Maya Math

Adding and subtracting in the Maya system is simply a matter of juggling the dots and bars. To calculate 36 + 13, for example, you start by adding the units (i.e., 16 + 13). This gives you 29, so you leave 9 in the ones column and carry the 20 up, giving you a grand total of 2 twenties and 9 ones = 49.

Maya math was the most sophisticated counting system ever developed in the Americas. It allowed scholars, astronomers, and architects to make complex calculations, but it was simple enough to be used by market traders and illiterate farmers.

Where we use ten different symbols to represent numbers (1, 2, 3, 4 , 5, 6, 7, 8, 9, 0), the Maya used only three: a dot for a one, a bar for five, and a symbol (usually a shell) for zero. (The Maya were one of the first civilizations to understand the concept of zero.) Below are the Maya numbers from 0–19:

We use a decimal system, based on the number ten, but the Maya used a vigesimal system, based on the number twenty. So where we learn to count on our fingers, Maya children counted on their fingers and toes. In fact, the number twenty was very important to the Maya, so much so that the words for “human being” and “twenty” share the same root in most Mayan languages.

The Maya wrote their numbers from top to bottom rather than from left to right, but apart from that, their system was not so different from ours. For example, to write the number 34, we place a three in the tens column and a four in the ones column. The Maya put a one in the twenties column and a fourteen in the ones column.

Clever, isn’t it? When you consider that the Ancient Egyptians never cracked the concept of zero and that complex calculations with Roman numerals were way too complicated for ordinary Romans.

The easiest way to practice Maya math is to use sticks, stones and shells.  They function in a similar way to an abacus.  To see how, watch the video demonstration in the sidebar.  Or click here: math video demo.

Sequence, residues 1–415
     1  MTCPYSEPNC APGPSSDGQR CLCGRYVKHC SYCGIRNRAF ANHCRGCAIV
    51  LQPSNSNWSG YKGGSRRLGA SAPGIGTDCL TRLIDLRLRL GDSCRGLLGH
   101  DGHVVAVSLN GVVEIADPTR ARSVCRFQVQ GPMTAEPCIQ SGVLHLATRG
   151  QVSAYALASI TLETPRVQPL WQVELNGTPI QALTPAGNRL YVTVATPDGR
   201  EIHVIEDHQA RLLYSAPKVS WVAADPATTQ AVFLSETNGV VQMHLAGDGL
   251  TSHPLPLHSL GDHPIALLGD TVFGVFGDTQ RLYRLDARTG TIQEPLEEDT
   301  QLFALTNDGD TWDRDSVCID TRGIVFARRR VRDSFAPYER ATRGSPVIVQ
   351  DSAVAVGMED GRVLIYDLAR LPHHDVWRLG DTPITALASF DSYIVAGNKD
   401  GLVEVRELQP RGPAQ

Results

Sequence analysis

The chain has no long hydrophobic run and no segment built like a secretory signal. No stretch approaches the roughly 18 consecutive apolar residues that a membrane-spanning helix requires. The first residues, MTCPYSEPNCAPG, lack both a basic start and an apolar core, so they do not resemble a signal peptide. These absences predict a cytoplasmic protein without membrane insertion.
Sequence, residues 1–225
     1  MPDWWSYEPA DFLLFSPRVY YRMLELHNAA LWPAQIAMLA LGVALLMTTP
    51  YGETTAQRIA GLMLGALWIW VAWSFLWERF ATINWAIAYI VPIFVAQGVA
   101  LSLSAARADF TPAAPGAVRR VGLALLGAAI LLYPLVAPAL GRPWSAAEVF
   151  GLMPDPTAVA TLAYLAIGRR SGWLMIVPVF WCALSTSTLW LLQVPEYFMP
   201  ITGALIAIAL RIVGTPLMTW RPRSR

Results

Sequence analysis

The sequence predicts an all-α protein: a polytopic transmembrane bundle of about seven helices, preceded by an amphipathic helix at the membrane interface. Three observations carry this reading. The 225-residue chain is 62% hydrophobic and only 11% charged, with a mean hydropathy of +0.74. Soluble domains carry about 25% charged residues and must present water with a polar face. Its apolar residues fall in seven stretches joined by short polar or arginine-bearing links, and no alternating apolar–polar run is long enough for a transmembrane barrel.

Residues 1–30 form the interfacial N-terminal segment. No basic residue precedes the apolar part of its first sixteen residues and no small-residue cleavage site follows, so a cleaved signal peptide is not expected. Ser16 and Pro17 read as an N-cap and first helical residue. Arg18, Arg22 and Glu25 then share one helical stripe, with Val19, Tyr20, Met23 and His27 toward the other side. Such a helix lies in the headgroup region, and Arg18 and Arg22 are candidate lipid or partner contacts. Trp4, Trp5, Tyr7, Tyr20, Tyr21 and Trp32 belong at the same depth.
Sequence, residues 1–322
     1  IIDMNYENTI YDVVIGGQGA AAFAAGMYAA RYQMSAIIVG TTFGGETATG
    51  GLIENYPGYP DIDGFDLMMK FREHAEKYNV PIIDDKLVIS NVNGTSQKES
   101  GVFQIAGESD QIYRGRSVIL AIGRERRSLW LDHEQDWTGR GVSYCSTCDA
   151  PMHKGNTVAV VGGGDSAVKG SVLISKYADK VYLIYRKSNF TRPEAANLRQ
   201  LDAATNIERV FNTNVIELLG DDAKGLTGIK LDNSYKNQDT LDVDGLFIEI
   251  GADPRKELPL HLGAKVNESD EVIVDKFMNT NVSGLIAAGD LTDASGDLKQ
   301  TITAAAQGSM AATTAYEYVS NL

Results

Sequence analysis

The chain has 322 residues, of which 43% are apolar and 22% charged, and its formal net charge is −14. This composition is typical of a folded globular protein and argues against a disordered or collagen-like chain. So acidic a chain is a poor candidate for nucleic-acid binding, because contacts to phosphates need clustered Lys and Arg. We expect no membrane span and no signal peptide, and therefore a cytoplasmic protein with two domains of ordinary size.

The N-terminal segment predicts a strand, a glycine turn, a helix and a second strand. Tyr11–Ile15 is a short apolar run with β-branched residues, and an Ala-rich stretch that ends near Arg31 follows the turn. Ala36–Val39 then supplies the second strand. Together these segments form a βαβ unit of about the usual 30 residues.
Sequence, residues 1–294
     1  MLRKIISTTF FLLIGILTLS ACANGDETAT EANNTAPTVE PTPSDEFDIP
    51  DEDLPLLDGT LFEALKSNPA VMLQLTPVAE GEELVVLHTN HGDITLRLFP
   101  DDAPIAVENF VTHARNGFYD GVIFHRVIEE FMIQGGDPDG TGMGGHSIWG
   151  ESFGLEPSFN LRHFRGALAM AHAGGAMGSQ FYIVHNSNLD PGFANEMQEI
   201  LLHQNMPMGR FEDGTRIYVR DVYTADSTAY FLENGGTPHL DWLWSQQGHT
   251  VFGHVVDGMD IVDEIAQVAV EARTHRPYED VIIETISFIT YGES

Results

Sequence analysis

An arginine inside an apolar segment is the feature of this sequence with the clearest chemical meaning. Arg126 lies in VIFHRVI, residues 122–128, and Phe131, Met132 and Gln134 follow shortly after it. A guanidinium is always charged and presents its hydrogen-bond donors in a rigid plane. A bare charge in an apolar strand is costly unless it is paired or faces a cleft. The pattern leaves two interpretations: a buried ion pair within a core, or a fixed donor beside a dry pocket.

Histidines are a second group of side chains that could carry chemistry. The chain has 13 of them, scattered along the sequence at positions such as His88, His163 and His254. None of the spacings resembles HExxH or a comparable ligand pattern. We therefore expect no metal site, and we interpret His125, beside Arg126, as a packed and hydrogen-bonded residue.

Finally! Someone has understood that the Mayan system of mathematics is a tool that has value to every student, and especially to students who have been in some difficult places in education because of dyslexia or memory problems. However, Mayan mathematics is not just a tool for those with learning problems. It is also a tool for students at the other end of the educational spectrum, such as those who are taking physics.

With our Arabic numbers, children suffer (often miserably) with learning to draw numbers and memorize endless tables. Using the Mayan mathematics system, students learn the process and meaning of addition, subtraction, multiplication, division, and taking square roots, all without having to memorize anything.

Understanding mathematics is so much more important than wasting years of a child’s life trying to make them memorize a bunch of useless numbers. In fact, this program is said to be able to take two years off of the math education process at the primary level! This kind of understanding opens doors to totally new worlds, such as physics, that lead to better lives for everyone. Even if a child doesn’t go into the sciences, understanding mathematics through the use of the Mayan system helps them develop logical thinking skills that will ultimately have an impact on their own families and communities.

Mayan mathematics is coming to a school near you, in Yucatan, in the very near future and it can’t be soon enough! We wish all the best to all 71 of the teachers who are training for this important work now, and to all of the governmental departments that are supporting this bold new step forward.


71 Teachers Train in Maya Math